Associate Professor of Sociology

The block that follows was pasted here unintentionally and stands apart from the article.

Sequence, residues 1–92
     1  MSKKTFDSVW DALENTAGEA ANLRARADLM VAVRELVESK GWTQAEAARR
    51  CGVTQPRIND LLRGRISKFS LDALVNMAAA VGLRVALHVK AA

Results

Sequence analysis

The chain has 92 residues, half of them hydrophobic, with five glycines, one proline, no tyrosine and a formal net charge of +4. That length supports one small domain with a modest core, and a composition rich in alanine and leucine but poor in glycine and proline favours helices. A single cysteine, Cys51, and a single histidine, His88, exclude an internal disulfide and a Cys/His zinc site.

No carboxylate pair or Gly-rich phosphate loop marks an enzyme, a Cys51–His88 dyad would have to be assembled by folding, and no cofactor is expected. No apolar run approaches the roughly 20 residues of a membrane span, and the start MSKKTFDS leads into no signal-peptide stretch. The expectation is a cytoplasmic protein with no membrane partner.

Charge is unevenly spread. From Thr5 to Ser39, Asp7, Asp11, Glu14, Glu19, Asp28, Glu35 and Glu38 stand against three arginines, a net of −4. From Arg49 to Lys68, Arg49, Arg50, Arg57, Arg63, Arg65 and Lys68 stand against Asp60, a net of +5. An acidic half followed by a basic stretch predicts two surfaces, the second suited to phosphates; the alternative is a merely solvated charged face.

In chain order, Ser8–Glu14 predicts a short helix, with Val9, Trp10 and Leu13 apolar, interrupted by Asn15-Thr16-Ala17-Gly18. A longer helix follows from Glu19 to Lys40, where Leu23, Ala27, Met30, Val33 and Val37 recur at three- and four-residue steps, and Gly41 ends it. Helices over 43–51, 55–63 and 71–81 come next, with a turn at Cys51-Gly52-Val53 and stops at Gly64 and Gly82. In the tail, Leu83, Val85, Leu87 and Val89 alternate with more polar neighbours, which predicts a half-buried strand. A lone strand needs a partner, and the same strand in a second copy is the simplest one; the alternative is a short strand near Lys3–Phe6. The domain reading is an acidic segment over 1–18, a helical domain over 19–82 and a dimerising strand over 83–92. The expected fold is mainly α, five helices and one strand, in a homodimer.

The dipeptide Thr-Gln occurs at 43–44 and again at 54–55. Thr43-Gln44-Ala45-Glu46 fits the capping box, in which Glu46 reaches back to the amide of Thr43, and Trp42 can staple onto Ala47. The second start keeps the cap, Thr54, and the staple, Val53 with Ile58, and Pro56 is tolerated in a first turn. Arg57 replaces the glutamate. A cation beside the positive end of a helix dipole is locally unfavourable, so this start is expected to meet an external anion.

Erin Hamilton studies when, why, and how people migrate, and with what consequences for migrants, their families, and the communities they leave and enter. Most of her research has focused on Mexico-U.S. migration, with studies of why and how rates of emigration vary across communities in Mexico, how the migration of family and community members affects the health of children in Mexico, and children’s role in migration. She also has studied the family structures of Salvadoran deportees, the indebtedness of Cambodian migrants, and the health of immigrants of all backgrounds in the United States. She is currently working on two projects – a book about population health in the United States and research funded by the National Institute of Child Health and Human Development on child and family migration between Mexico and the United States. She has received funding from the Western Center for Agricultural Health and Safety to conduct research on the health of immigrant farmworkers.